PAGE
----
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Bladder Cancer Screening in Lebanese Population: There is Nothing more Unequal than the Equal Treatment of Unequal People

Abstract

Bladder cancer screening has been perplexing the uro-oncological community for the last decade. In this commentary, we ruminate on the feasibility of bladder cancer screening in our population based on epidemiological proponents.

The incidence of bladder cancer varies among different countries. According to the Globocan database 2012, Lebanon has the second highest incidence of bladder cancer after Belgium [1]. Moreover, Shamseddine et al. reported on the trends of different cancers in Lebanon, and the anticipated increase in the incidence of bladder cancer to reach 41.2 ASR in Lebanese men by 2018 [2].

The high incidence of bladder cancer among Lebanese can be attributed to high prevalence of smoking including water pipe smoking, and genetic predisposition [3].

In 2010, WHO estimated that about 42% and 28% of men and women smoked in Lebanon, respectively. In the WHO report about tobacco use, the projected trend of smoking in Lebanon is worrisome as it projects the rate to be approximately 57% for men and 39% for women [4]. Secondary analysis of the Global Youth Tobacco Survey (aged 13–15 years) measured that past-30 day water pipe tobacco use is highest in Lebanon (37%) compared to 24 other Eastern Mediterranean and Eastern European Countries [5].

NAT1 is the main NAT expressed in bladder epithelial and cuboidal epithelium of proximal convoluted tubules in the kidney. NAT1*14A has been reported to produce a slow acetylation phenotype; thus has been linked to increasing risk of bladder cancer. The frequency of NAT1*14A has been reported to be the highest in Lebanese people compared to other ethnicities [6]. Yassine et al. conducted an elegant case-control study to assess the effects of NAT1 genetic polymorphism on bladder cancer risk among Lebanese men. The authors found that patients with bladder cancer have significantly higher clustering of NAT1*14A compared to control [7].

Screening for breast cancer, colon cancer and, more recently, lung cancer has gained acceptance. However, screening for bladder cancer has not been adopted yet. This is partly due to the lack of disease-specific symptoms. Adding to that, a large number of bladder cancer cases has an indolent course.

There are a scant number of studies that have been conducted reporting on the screening of bladder cancer. All these studies have screened populations with high-risk factors for developing bladder cancer.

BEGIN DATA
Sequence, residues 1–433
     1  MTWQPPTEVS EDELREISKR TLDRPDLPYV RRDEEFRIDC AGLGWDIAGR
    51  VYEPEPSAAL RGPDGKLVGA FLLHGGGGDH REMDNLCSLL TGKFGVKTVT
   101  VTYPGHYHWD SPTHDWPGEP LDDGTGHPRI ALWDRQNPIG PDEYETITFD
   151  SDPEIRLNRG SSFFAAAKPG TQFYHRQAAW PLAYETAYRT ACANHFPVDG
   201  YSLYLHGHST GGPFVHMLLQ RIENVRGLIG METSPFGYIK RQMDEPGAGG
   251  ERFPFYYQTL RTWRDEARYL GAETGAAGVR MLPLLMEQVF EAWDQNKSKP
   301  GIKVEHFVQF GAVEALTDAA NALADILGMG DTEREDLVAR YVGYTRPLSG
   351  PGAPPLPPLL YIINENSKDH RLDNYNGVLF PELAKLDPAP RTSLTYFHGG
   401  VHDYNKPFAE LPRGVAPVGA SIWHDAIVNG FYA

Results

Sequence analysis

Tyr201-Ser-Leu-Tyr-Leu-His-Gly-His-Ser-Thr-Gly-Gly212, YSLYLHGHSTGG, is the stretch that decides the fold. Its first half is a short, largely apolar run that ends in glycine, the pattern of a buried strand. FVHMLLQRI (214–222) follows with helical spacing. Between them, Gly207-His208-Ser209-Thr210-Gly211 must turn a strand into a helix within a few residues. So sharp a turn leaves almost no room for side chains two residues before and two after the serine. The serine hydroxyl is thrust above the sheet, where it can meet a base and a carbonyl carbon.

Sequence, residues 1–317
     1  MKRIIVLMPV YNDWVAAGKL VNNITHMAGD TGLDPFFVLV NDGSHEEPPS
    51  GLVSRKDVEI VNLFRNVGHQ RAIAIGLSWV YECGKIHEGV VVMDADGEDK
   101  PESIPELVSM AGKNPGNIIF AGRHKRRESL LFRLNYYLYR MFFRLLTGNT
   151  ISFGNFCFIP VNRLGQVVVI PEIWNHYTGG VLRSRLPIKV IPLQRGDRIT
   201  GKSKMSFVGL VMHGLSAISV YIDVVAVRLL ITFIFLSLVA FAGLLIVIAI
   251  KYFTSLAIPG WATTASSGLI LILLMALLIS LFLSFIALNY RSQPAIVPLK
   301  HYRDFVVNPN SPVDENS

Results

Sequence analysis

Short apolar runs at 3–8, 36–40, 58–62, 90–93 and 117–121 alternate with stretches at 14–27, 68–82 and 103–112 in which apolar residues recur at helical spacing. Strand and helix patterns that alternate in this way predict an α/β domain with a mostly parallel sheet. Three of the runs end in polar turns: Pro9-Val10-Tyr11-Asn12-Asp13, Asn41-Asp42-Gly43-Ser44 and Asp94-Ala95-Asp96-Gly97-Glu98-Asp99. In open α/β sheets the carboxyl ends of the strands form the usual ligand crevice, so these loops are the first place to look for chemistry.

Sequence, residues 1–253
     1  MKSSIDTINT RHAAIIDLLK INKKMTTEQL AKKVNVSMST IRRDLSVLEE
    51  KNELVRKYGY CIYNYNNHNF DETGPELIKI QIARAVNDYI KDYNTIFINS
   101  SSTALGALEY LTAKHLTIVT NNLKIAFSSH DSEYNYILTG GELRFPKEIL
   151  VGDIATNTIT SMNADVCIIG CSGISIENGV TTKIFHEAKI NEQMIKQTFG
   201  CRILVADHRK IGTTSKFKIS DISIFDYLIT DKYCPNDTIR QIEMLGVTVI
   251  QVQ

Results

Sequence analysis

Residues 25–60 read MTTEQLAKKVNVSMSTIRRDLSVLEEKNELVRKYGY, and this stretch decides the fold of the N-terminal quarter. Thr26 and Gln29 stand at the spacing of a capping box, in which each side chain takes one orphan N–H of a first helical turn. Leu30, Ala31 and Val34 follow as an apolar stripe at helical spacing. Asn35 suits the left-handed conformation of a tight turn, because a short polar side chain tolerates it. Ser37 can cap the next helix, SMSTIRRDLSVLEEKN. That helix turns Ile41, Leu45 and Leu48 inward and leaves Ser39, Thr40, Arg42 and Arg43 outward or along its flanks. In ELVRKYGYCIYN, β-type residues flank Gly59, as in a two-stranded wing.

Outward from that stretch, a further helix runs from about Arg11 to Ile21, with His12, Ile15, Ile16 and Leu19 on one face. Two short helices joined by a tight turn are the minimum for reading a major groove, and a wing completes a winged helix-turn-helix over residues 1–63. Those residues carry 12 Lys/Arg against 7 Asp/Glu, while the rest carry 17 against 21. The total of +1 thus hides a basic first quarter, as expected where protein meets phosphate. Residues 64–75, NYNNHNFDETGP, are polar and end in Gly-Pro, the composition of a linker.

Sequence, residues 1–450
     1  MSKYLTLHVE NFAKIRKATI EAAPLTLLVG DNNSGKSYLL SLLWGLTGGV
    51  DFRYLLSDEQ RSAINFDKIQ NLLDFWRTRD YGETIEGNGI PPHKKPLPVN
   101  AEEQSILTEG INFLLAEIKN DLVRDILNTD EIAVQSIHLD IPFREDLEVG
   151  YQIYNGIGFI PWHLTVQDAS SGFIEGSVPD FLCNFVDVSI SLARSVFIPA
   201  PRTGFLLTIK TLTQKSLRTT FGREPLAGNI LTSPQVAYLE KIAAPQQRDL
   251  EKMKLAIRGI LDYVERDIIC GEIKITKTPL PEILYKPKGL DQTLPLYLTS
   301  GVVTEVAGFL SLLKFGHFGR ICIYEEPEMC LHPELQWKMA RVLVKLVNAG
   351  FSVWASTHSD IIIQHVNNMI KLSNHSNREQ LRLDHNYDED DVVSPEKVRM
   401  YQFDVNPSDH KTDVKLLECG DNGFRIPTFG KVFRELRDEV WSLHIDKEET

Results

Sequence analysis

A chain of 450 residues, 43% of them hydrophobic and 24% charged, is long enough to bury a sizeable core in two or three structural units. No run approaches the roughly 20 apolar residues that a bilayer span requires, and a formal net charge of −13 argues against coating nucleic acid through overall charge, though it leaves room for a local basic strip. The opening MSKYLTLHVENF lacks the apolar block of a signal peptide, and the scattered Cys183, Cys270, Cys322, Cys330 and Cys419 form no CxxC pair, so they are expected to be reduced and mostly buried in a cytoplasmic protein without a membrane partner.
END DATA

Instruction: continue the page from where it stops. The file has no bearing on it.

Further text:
Madeb et al. reported on the usefulness of using home urine dipstick as a screening test in detecting bladder cancer at an earlier stage and improving the survival outcome of the screened population [8]. In addition to the urine dipstick and urine cytology, another group incorporated urine biomarkers (NMP22, Urovysion) to improve the sensitivity of bladder tumor detection. The authors concluded that using this panel test as a screening tool for patients with a history of smoking of ≥40 pack-years enabled detection of malignancy in 3.3% of this population [9].

The ideal screening test should be safe, cheap, non-invasive, and cost-effective. However, the gold standard test to diagnose bladder cancer is cystoscopy; which is not practical to screen asymptomatic individuals because of the invasive nature of the procedure and related expenses. On the other hand, there are a plethora of molecular markers that have been developed in the last decade (NMP22, BTA, Survivin, BLCA-4, DD23, uCyt+, UroVysion), all these markers have been studied extensively in disease diagnosis among symptomatic patients, or have been part of the surveillance of bladder cancer patients. Unfortunately, none of these markers is available in Lebanon.

It is very hard to draw a conclusion on the utility of any of these markers in screening from the available literature, because the performance of these markers depends on disease prevalence in the population.

Lotan et al. using Markov model to estimate cumulative cancer-related costs and the efficacy of screening of a high-risk population for bladder cancer, demonstrated an improvement in the overall survival in addition to cost saving if the cancer incidence is >1.6% [10].

In summary, there is emerging evidence of the benefit of bladder cancer screening in highly selected populations. However, these studies were conducted in developed countries with low incidence of bladder cancer, and this may play a major role in disparaging the value of bladder cancer screening program. Amid the debate of the importance of bladder cancer screening, it is a praiseworthy argument that screening of our population might show unparalleled results contingent upon the high figure of disease occurrence in Lebanon.

REFERENCES

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